Sunday, December 26, 2010

Encapsulation: Local change - Local effect principle

One of the central principles of object oriented programming is Encapsulation. Encapsulation states that the implementation details of an object are hidden behind the methods that provide access to that data. But why is encapsulation a good idea? Why bother to do it in the first place? Just stating that it's "good OO design" isn't sufficient justification.

There is one primary justification of encapsulation. It's a principle I call "Local Change - Local Effect". If you change code in one spot, it should only require changes in a small neighborhood surrounding the original change. When used properly, encapsulation allows software to change gradually without requiring bulk changes throughout the system (Change of code in one place requires code change in many places is known as Domino effect).

Encapsulation helps follow this principle by allowing changes in the representation of an object's state. The methods for the object may be affected, but callers of those methods shouldn't be. The effects of the change are localized.

Polymorphism helps by allowing us to add new objects without changing existing code to know about them. You only need to add the new classes and new methods. You shouldn't need to change existing code.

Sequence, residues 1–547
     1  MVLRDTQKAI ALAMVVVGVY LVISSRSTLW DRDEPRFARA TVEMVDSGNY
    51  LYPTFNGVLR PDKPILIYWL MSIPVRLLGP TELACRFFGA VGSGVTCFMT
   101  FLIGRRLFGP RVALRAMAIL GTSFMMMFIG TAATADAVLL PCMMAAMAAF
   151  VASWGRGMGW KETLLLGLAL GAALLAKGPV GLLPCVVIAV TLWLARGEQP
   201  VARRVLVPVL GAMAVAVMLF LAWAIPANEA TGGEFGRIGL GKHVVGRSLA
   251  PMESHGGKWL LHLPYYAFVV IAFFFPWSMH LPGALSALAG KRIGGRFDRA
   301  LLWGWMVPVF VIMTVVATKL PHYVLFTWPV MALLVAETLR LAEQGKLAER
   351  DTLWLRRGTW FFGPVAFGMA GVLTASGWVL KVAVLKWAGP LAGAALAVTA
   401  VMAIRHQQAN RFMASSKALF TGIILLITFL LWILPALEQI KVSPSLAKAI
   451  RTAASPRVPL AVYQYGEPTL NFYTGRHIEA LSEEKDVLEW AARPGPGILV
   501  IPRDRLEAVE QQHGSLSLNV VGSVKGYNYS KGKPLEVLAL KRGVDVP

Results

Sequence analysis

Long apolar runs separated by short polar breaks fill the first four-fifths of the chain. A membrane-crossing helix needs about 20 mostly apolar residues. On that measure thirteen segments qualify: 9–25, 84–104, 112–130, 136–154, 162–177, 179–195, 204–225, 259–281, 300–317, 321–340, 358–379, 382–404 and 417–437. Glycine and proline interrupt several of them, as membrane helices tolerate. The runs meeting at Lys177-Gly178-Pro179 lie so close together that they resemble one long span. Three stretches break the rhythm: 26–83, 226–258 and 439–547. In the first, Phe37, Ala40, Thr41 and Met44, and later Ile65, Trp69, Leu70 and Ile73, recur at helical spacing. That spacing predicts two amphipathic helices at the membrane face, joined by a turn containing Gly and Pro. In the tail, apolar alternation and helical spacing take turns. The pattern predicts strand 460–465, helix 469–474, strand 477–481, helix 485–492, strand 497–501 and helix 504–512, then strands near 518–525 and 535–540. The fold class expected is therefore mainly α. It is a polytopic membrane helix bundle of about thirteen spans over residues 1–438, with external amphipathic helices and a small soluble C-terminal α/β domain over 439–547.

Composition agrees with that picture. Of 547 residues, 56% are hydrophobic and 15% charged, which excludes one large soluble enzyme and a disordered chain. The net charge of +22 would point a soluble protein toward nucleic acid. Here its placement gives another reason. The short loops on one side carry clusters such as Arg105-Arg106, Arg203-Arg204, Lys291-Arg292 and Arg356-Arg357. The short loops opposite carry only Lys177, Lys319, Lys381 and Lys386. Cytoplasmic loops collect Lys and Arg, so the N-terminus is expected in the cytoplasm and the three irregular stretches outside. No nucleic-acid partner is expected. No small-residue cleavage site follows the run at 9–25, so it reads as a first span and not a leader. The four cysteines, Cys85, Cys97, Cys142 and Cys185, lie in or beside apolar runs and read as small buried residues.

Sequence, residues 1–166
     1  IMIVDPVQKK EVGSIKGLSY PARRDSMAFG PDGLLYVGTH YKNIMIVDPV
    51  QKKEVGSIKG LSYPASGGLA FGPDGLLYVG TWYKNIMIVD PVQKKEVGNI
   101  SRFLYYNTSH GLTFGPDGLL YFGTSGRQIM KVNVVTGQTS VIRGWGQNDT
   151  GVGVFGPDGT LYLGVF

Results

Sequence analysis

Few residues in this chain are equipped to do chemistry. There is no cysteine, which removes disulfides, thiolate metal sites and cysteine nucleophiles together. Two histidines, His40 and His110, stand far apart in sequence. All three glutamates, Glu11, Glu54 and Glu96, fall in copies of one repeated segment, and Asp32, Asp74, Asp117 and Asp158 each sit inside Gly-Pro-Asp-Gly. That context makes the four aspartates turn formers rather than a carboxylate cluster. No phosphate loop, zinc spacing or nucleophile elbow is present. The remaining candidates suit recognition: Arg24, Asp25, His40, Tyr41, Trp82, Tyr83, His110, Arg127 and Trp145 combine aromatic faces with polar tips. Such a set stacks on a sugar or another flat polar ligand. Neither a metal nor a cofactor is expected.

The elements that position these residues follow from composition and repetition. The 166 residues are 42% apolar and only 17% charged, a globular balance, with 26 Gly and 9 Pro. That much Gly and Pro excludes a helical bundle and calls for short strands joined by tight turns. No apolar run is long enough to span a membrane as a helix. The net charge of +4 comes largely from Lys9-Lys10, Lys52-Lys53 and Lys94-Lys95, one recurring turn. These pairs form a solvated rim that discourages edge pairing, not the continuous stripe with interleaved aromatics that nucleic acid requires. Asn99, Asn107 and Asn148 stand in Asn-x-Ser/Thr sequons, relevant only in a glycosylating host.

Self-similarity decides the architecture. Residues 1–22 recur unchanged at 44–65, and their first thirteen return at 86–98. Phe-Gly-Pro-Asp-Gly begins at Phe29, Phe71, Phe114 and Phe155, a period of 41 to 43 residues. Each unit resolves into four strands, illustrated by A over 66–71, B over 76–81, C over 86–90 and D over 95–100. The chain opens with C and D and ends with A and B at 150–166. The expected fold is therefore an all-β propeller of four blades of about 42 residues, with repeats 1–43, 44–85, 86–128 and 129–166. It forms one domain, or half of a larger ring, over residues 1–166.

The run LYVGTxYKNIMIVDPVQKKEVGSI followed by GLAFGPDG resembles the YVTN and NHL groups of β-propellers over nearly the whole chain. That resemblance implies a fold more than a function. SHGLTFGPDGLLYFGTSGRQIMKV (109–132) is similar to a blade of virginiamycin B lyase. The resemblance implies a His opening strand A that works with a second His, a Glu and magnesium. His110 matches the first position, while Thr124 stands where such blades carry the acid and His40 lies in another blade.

Inheritance helps by providing one place to put common code for many similar objects. Changes to this code can be isolated to the superclass and may require no changes to subclasses in order to make them work.

There are many coding practices that tend to work against the local change/local effect principle. They include:
  • Copy and Paste Code- by making more copies of code, you have more things that need to be changed for any change in design.
  • Public instance variables - by making instance variables public, more people can use them directly and require more changes if you need to change the representation.
  • Manifest types - the type information for variables and parameters often causes domino effect changes. When you change the type that a method accepts, you may have to change its callers and their callers and so forth.
In any software system, the one thing you can count on is change. The local change/local effect principle makes change possible. Without it, as a system gets larger, it becomes more brittle and eventually becomes unmaintainable.
Think about your design principles. If they don't support local change/local effect, you may be building a system that will become too brittle to ever change again.